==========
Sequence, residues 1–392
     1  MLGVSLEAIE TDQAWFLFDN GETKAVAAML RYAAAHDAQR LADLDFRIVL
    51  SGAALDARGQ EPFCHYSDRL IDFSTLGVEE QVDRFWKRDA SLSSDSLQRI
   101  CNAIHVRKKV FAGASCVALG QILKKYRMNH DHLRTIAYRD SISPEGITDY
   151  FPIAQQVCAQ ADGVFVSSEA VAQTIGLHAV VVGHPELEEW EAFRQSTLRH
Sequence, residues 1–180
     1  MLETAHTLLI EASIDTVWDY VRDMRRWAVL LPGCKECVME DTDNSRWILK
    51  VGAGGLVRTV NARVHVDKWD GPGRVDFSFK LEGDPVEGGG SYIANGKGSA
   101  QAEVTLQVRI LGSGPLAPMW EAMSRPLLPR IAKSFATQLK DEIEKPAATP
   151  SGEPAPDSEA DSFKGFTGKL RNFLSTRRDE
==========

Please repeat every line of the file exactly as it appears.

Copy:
Sequence, residues 1–392
     1  MLGVSLEAIE TDQAWFLFDN GETKAVAAML RYAAAHDAQR LADLDFRIVL
    51  SGAALDARGQ EPFCHYSDRL IDFSTLGVEE QVDRFWKRDA SLSSDSLQRI
   101  CNAIHVRKKV FAGASCVALG QILKKYRMNH DHLRTIAYRD SISPEGITDY
   151  FPIAQQVCAQ ADGVFVSSEA VAQTIGLHAV VVGHPELEEW EAFRQSTLRH
Sequence, residues 1–180
     1  MLETAHTLLI EASIDTVWDY VRDMRRWAVL LPGCKECVME DTDNSRWILK
    51  VGAGGLVRTV NARVHVDKWD GPGRVDFSFK LEGDPVEGGG SYIANGKGSA
   101  QAEVTLQVRI LGSGPLAPMW EAMSRPLLPR IAKSFATQLK DEIEKPAATP
   151  SGEPAPDSEA DSFKGFTGKL RNFLSTRRDE